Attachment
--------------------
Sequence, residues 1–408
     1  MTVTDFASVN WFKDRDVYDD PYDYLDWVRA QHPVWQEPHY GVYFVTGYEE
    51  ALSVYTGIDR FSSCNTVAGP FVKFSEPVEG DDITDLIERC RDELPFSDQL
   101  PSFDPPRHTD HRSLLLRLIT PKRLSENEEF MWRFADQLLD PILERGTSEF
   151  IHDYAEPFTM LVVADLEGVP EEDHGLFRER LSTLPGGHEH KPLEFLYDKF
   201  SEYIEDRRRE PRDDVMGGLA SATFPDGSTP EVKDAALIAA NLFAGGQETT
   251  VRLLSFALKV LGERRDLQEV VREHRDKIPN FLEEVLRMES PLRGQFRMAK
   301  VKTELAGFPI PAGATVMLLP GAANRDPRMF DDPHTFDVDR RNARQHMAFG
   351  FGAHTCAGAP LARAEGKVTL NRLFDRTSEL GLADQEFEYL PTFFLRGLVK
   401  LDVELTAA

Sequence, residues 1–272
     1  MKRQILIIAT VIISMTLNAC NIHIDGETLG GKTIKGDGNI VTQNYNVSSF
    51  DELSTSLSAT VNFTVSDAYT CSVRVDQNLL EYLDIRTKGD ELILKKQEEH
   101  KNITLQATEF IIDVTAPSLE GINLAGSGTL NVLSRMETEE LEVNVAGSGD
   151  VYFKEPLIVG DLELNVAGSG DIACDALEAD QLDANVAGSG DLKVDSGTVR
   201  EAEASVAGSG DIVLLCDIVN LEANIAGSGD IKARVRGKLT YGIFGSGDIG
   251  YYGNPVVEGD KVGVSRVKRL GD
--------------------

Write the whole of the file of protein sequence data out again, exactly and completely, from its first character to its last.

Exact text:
Sequence, residues 1–408
     1  MTVTDFASVN WFKDRDVYDD PYDYLDWVRA QHPVWQEPHY GVYFVTGYEE
    51  ALSVYTGIDR FSSCNTVAGP FVKFSEPVEG DDITDLIERC RDELPFSDQL
   101  PSFDPPRHTD HRSLLLRLIT PKRLSENEEF MWRFADQLLD PILERGTSEF
   151  IHDYAEPFTM LVVADLEGVP EEDHGLFRER LSTLPGGHEH KPLEFLYDKF
   201  SEYIEDRRRE PRDDVMGGLA SATFPDGSTP EVKDAALIAA NLFAGGQETT
   251  VRLLSFALKV LGERRDLQEV VREHRDKIPN FLEEVLRMES PLRGQFRMAK
   301  VKTELAGFPI PAGATVMLLP GAANRDPRMF DDPHTFDVDR RNARQHMAFG
   351  FGAHTCAGAP LARAEGKVTL NRLFDRTSEL GLADQEFEYL PTFFLRGLVK
   401  LDVELTAA

Sequence, residues 1–272
     1  MKRQILIIAT VIISMTLNAC NIHIDGETLG GKTIKGDGNI VTQNYNVSSF
    51  DELSTSLSAT VNFTVSDAYT CSVRVDQNLL EYLDIRTKGD ELILKKQEEH
   101  KNITLQATEF IIDVTAPSLE GINLAGSGTL NVLSRMETEE LEVNVAGSGD
   151  VYFKEPLIVG DLELNVAGSG DIACDALEAD QLDANVAGSG DLKVDSGTVR
   201  EAEASVAGSG DIVLLCDIVN LEANIAGSGD IKARVRGKLT YGIFGSGDIG
   251  YYGNPVVEGD KVGVSRVKRL GD